Use a Message Handler to Set ASP.NET Web API’s Current Thread Culture

ASP.NET Web API provides very streamlined support in the framework to handle content negotiation. In HTTP specs, following Accept series of headers are used in a HTTP client to set in the request for content:

ASP.NET Web API supports first two headers out of the box. The framework itself would select the right MediaTypeFormatter class based upon the Accept header, and a selected MediaTypeFormatter is able to handle Accept-Charset to return the result in the right character set. For example, when a HTTP client sends

The Web API framework will select JsonMediaTypeFormatter as the media type formatter for the response of this request. In turn JsonMediaTypeFormatter is able to take advantage of the backing library JSON.NET and returns the JSON serialization result in the right character set.

As stated in the link above, Accept-Language is not yet automatically supported in the framework. Web API provides several nice extension points to solve such a problem.

Checking the Pipeline

Picking an extension point of such a feature may not be the easiest thing to do. The Web API has the following extension points in the order of execution when the HTTP server receive a request:

  • Global message handlers
  • Per-route message handlers
  • Authorization filters
  • Action Filters

If we consider the importance of current thread’s Culture — when we choose to change the current thread’s culture, all subsequent calls to format dates, numbers, currencies and retrieving resources will return different results — I would like changing current thread’s culture to be as early as possible.

Here is a snapshot from the following chart:

Screenshot 2014-04-25 20.34.45

The chart shows very clearly that the earliest extension point to an incoming request is the global message handler queue. We can certainly implement a custom message handler, insert it into this queue and ask Web API to use this custom message handler to process the HTTP header first.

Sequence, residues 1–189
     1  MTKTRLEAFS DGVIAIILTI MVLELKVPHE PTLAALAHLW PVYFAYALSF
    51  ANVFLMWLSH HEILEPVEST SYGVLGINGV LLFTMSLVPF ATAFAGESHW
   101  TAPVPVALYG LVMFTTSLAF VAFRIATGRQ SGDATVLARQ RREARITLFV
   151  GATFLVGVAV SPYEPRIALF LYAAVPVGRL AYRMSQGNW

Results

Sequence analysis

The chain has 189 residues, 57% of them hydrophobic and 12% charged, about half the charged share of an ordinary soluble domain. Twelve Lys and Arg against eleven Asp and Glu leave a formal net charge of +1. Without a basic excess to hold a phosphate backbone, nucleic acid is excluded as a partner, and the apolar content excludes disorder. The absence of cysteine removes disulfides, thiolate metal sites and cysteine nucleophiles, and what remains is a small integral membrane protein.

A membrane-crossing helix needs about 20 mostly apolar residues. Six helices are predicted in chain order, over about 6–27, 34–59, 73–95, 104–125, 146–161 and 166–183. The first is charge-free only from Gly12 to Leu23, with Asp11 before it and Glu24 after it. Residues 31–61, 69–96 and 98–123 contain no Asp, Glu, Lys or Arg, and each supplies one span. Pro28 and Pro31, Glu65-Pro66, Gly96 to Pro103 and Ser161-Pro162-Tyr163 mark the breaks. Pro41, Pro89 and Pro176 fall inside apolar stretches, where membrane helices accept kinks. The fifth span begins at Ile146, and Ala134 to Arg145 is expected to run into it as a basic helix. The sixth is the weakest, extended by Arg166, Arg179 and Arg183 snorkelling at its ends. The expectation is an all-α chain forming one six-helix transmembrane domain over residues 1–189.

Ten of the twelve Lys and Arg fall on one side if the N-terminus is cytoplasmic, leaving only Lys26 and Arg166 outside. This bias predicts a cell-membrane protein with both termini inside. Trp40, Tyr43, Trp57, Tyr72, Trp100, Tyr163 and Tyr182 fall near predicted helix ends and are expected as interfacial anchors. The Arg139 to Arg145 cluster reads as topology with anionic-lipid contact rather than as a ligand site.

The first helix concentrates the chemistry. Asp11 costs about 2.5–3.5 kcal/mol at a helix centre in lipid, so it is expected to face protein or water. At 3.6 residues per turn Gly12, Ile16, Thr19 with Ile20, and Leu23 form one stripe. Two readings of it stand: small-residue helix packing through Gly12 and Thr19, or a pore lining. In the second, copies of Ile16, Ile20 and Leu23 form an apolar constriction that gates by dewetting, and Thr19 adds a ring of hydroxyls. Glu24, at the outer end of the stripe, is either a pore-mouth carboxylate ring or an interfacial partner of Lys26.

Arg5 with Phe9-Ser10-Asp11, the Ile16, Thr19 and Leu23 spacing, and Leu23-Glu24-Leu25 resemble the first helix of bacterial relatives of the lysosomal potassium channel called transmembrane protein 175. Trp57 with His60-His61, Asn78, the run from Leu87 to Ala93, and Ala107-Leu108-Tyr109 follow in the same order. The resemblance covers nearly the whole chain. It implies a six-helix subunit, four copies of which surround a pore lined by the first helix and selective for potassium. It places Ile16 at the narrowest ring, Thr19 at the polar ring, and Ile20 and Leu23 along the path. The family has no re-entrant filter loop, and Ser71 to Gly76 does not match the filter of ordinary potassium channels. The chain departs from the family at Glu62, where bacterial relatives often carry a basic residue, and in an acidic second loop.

Implementing the Message Handler

Here is the message handler:

As stated in the HTTP protocol, Accept-Language uses quality values to note the request’s preferences of languages. The first part of code above prioritizes languages based upon quality. The second part finds an available language. The third part sets the thread culture.

Now we have the message handler ready, we can insert this message handler into the pipeline:

This should be implemented in your WebApiConfig.Register() method, and get called when the Web API application starts.

Using TransactionScope with async/await

In .NET Framework 4.5, Microsoft introduced async and await keywords in C# to simplify non-blocking programming. Microsoft has a very nice article about asynchronous programming on MSDN. However, transactions were not aware of async/await in .NET 4.5 (perhaps that would also be the reason EntityFramework did not come out with async support that time.)

In .NET Framework 4.5.1, Microsoft addressed the async issue. TransactionScope is now aware of async/await and it has now an option to enable an ambient transaction to “flow across thread continuations.” The usage is very simple:


A Short Introduction of BookSleeve Redis Client

BookSleeve (project site, author blog post) provides a native async Redis client for .NET with effortless multiplex support, as an alternative to the famous ServiceStack.Redis.

In BookSleeve Redis commands are always pipelined and handled by async tasks. One single BookSleeve connection can handle numerous commands in one go. For example,

In this example,  the three commands to set three keys with a single connection are multiplexed and put into a single pipeline to execute on the Redis server. The tasks end when the commands complete.

Without pipelining, on Redis these commands are individual requests. Each request has to wait for the response to come back and they incur a round trip each time to the Redis server.

With pipelining,  these commands are grouped together as one request and sent to Redis in one go. So the network wait time is much less than the previous scenario by cutting 2/3 of the network round trip wait time.

If a separate method executes different Redis commands with the same connection simultaneously,

All the commands are then multiplexed together and executed on Redis in one of several possibilities of execution order,

In this scenario, the network wait time is cut by 4/5 of requests being sent individually, with a slight bigger request sent to the Redis server in one go.

On .NET side, since BookSleeve’s connection is always async and returns tasks, the caller can await the tasks to get the actual results, while the tasks are executed without blocking each other. Commands from different method calls and different threads can be multiplexed together and sent to Redis in one request. Above all, this approach should improve Redis performance by cutting the round trip time of individual requests with less connections to Redis.